>> chris sorrino wrote zirm man specifically had two opportunities to, in his language from the investigative report, "diffuse the circumstances surrounding their encounter." poses a challenge for the defense. >> it does. when chris sorino takes the stand, he will also be ask about how he at one time had even prepared arrest papers. it was the chief of police and the state attorney here in this county, in seminole county, that decided not bring those charges. then it was the governor appointing a special prosecutor that ultimately brought the charges. that special prosecutor who brought the charges did not present it to a grand jury but did what's called a direct file, looked at the evidence and said i see enough here, don't need a grand jury. we're just going to bring these charges and brought charges, higher than the detective who initially thought -- who suggested manslaughter. but brought it in as a second degree murder case which is where we are now. >> kerry and lisa, thank you. we know the lunch recess
continues for 20 more minutes. we'll let you squeeze in a sandwich and an apple. until when we begin the trial again. back to the george zimmerman this hour. we want to get to other news making led lines, include being the president's trip to africa and latest developments surrounding edward snowden and where he may wind up. joining us now, chris cillizza, and chuck todd, far away in tanzania for us as the president wraps up his trip. chuck, we heard today from the president, he was questioned both about the giant protests in egypt, but also the status of the talk with russia over edward snowden. on snowden specifically, just as president obama was speaking, vladimir putin said russia will never turn snowden over. where does this stand? >> well, the u.s. government, you heard the president say himself there still is negotiations going on with the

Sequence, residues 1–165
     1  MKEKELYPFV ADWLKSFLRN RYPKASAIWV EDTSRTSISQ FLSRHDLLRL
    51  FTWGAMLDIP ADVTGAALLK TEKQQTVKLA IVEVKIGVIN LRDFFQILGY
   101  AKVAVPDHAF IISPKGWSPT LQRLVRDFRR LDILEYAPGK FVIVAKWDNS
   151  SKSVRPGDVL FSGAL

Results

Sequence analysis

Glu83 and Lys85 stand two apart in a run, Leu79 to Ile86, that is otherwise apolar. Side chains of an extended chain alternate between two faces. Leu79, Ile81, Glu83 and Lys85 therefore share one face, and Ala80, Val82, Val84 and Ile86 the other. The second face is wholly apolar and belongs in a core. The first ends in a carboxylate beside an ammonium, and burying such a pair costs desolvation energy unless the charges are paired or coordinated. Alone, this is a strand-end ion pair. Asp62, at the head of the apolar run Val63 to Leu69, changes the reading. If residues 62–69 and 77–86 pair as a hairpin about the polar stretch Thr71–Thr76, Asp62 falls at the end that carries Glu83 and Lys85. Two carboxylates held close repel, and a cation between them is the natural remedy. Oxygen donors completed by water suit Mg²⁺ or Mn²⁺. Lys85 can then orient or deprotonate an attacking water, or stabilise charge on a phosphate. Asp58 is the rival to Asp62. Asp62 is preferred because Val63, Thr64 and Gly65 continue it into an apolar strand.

russian government. there's obviously been a couple of mixed messages out of there. did putin say snowden can stay as long as he doesn't leak any more skres? so the question is what's the back channeled there. frankly, the other bigger pr problem for the united states, it impacts various other issues, has to do with the european reaction to the latest leak that came out of the snowden files that has to do with how the u.s. government spies on allies. now the president dismissive of it, basically saying, guess what? we spy on them, they spy on us, that's what intelligence agencies do. it has been their standard answer on this when the first leak on this issue came during -- right when the g-8 began in ireland last week and this happened there. look, the obama administration's been -- feels like they made some progress with ecuador, that ecuador is not going to be one of the countries that ends up with them. they think that they've done.
now it is still this back channeled that's going on with putin and russia. >> chris, we should note, even as we are speaking the story continues to develop. russian media right now reporting that edward snowden has applied for asylum in that country. vladimir putin saying that snowden must stop leaking u.s. info if he wants to stay in russia but also saying he's not going to kick him out. chris, a topic making news here back home, student loans doubled today to almost 7%, 6.8%, because congress couldn't come to any agreement on this issue. how does this get fixed? >> peter, my guess is that they -- congress in some way retroactively fixes this, though -- that's based on nothing other than the fact that it's so incredibly political unpopular to have these stafford student loans double because so many kids use them. my assumption has always been that they will reverse this so that it doesn't hurt kids trying